Nigerian startup Soso Care has launched a low-cost micro-health insurance platform that can be paid for by collecting recyclable materials.
Piloted in June and formally launched in October, the Abuja-based Soso Care is a US$1 insurtech platform that targets urban slum dwellers, uninsured pregnant women and children who cannot afford to pay cash for insurance. Instead it uses recyclable rubbish as a financial resource to help users access insurance and gain points on food stamps. The startup has partnered Hygeia HMO to underwrite the insurance risk, and supermarkets to secure food stamps.
Members access care either by paying for a plan or by delivering recyclable materials such as bottles, glass and plastics bags worth an equivalent to US$1 monthly to Soso Care’s partner agents, who sells the collected waste to recycling companies as raw materials. The money generated from this is converted into health funds to finance premiums.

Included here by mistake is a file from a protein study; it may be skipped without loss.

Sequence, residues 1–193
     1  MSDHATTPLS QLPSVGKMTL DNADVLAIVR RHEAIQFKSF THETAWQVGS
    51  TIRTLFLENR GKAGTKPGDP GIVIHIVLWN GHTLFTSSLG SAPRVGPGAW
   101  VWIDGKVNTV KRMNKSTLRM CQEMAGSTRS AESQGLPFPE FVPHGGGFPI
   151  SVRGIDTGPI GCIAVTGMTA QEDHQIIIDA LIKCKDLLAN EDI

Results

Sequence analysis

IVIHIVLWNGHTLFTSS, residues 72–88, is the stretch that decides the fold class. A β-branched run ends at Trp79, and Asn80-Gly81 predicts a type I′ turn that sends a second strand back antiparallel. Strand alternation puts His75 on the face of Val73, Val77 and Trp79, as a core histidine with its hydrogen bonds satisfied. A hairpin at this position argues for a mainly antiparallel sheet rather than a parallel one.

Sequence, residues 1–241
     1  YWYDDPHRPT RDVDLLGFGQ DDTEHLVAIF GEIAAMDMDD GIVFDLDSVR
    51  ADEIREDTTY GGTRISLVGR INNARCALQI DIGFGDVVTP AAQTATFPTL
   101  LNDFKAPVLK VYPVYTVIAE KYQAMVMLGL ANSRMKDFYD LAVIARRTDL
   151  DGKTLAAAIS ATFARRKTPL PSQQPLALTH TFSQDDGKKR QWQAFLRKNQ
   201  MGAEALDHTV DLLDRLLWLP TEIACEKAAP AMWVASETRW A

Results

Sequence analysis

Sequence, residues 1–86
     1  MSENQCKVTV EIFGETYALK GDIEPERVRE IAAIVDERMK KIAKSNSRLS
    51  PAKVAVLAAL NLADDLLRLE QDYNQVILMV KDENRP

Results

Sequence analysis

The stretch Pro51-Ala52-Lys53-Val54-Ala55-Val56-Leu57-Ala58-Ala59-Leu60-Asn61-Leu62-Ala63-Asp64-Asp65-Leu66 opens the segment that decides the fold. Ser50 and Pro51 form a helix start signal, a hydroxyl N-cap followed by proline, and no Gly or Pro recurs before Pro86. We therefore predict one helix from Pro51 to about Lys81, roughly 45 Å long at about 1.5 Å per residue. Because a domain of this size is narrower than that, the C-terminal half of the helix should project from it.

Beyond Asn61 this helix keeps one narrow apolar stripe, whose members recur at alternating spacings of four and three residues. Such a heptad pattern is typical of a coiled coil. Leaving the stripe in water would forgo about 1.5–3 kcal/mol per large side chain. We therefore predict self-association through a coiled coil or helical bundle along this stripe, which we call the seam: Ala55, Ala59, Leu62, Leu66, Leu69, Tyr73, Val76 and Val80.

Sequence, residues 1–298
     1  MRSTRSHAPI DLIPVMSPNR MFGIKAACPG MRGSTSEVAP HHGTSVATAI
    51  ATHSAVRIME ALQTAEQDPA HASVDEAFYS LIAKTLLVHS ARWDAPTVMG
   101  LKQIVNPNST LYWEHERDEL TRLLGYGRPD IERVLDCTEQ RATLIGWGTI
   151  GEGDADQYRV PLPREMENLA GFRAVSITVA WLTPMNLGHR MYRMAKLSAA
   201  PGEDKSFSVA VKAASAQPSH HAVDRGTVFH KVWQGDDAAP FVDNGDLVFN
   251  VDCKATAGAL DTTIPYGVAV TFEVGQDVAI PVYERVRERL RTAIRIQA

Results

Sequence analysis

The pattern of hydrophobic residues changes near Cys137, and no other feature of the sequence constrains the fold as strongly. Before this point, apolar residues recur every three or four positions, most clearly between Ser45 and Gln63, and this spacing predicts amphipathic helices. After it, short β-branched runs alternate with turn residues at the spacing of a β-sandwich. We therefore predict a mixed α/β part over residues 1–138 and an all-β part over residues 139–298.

“Nigeria generates over 34 million tonnes of waste yearly and about 20 billion PET bottles which causes poor sanitation and poor healthcare, and is affecting the environment,” CEO Nonso Opurum told Disrupt Africa.
“We felt it would be wise to use a problem to create a sustainable solution, so we linked recycling to health insurance premiums and food stamps. By so doing we use one stone to kill two birds.”
The self-funded company is looking for investment to help it scale, but has already piloted across four cities on the back of some grants funding.
“With little marketing budget and personal selling we have about 550 users in just the first month. I am confident we will exceed our benchmark of three million users next year,” said Opurum.
“We hope to raise money to scale fast so that we can move to bigger cities and states like Lagos. We plan expanding across Africa and Asia, mostly the Philippines, Indonesia and Pakistan.”